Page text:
Politics

Trump’s 21 Club Salute

Just because he was rude to his generals doesn’t mean he’s wrong to be skeptical about escalation in Afghanistan.

President Donald Trump, seated with U.S. National Security Adviser H.R. McMaster
Seated with National Security Adviser H.R. McMaster, President Donald Trump speaks during a meeting with service members at the White House on July 18.

Kevin Lamarque/Reuters

According to an incredibly detailed NBC News report of a highly classified National Security Council meeting, President Donald Trump unloaded on his top military leaders over Afghanistan in mid-July, questioning the war’s management and suggesting that its commander, Gen. John Nicholson, be sacked. Over the long and reportedly heated meeting, Trump broke norm after norm of civil-military relations, in roughly what might be expected from a man who displayed so much antipathy toward the military during his presidential campaign.

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Throughout the two-hour meeting, Trump appeared biased against the advice of his generals and Cabinet secretaries, going so far as to compare the military advice he was getting to bad business advice given to the management of the 21 Club, one of his favorite New York restaurants. He told the group that he had gotten better advice from a relatively junior group of troops he had lunch with at the White House days before the meeting. Trump likened these troops to the 21 Club’s waiters, who really knew what was going on at the restaurant as opposed to the clueless, high-priced consultants brought in by management.

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And yet, for all that he was a jerk, Trump wasn’t wrong to question the military establishment’s position on America’s longest war. The brass has gotten a lot wrong over the past 16 years of fighting in Afghanistan—from rotating units constantly to placing bases in dumb places to deciding on questionable strategies. Adding slightly more resources, or marginally changing the strategy, will not produce better outcomes much less victory (whatever that means). Even if he’s going about it poorly, Trump is right to question the fundamentals of a war that has already cost so much and achieved so little. And this is precisely the point to ask such questions: at the start of an administration, prior to the adoption of a strategy or commitment of more troops.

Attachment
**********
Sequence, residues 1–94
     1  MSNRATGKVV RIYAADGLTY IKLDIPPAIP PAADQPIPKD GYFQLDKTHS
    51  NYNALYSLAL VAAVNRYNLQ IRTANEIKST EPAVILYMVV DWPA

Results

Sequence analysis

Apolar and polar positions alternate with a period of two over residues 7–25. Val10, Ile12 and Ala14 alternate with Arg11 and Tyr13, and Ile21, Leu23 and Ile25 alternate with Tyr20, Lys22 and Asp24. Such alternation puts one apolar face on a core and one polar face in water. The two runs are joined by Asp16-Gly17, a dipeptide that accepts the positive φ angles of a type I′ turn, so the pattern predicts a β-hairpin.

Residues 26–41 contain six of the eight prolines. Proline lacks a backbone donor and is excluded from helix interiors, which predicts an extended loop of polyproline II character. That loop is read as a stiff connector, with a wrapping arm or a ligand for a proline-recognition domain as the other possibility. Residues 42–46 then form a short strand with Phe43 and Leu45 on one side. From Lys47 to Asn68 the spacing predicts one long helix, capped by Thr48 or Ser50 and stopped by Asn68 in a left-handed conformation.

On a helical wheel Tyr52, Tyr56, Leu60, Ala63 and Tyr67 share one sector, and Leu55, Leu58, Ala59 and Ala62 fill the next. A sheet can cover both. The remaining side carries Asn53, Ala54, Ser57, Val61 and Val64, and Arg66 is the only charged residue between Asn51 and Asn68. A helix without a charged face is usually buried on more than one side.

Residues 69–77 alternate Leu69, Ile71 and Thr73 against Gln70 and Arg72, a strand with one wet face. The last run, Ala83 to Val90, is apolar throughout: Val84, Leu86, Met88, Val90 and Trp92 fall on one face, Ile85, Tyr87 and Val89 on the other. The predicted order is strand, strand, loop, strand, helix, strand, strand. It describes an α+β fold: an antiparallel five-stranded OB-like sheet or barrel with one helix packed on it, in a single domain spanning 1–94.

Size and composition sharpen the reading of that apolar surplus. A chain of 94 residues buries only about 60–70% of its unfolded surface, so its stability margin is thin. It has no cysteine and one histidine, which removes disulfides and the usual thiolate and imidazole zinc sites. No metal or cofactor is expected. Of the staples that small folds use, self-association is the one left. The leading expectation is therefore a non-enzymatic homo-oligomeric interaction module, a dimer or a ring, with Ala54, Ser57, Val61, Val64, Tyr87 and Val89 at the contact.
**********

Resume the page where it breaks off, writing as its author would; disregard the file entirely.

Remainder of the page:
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The meeting at the heart of the NBC News report appears to have been a gathering of the statutory National Security Council, composed of the executive branch’s top Cabinet-level officials and chaired by the president himself. These full-up NSC meetings are rarely held and usually used to decide on a major strategy, or discuss responses to a crisis. Last month’s meeting capped weeks of lower-level conversations held without the president, not to mention a great deal of effort by military planners, to figure out the road ahead. National Security Adviser H.R. McMaster’s goal was clear: to get the president’s approval to send another 4,000 troops to Afghanistan and make an indefinite commitment to that country too.

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Unfortunately for McMaster and the other brass in the room, the meeting didn’t play out that way. Over two hours, Trump reacted poorly to being boxed in by the generals (who he very clearly and wrongly sees as his generals), a sentiment shared (if not overtly voiced) by President Obama. Trump’s frustration with the lack of progress boiled over in attacks upon Defense Secretary James Mattis and others. Trump reportedly felt there should be more to show for the six months of fighting since he took office (as if the 15 previous years hadn’t happened). Trump also fixated on the contributions of NATO allies to the fight and the potential extraction of precious metals from Afghanistan.

Mattis reportedly returned to the Pentagon so upset that he took a long walk to think about the meeting. Joint Chiefs Chairman Gen. Joseph Dunford offered to broker a meeting between Trump and Afghanistan commander Gen. John Nicholson—who the president has yet to meet because he’s not yet visited Afghanistan (or Iraq).

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To be sure, Trump showed a startling lack of decorum and respect for his top national security officials. In dismissing their advice and privileging the views of junior troops over the generals, Trump is undermining the chain of command. He’s also depriving himself of the expertise and experience that all those generals earned while working their way up from being junior troops too. And, in mockingly comparing management of the Afghan war to that of a Manhattan restaurant, Trump denigrated the seriousness of the war itself, and the gravity of the decisions he must make that will have life and death consequences for Americans and Afghans alike.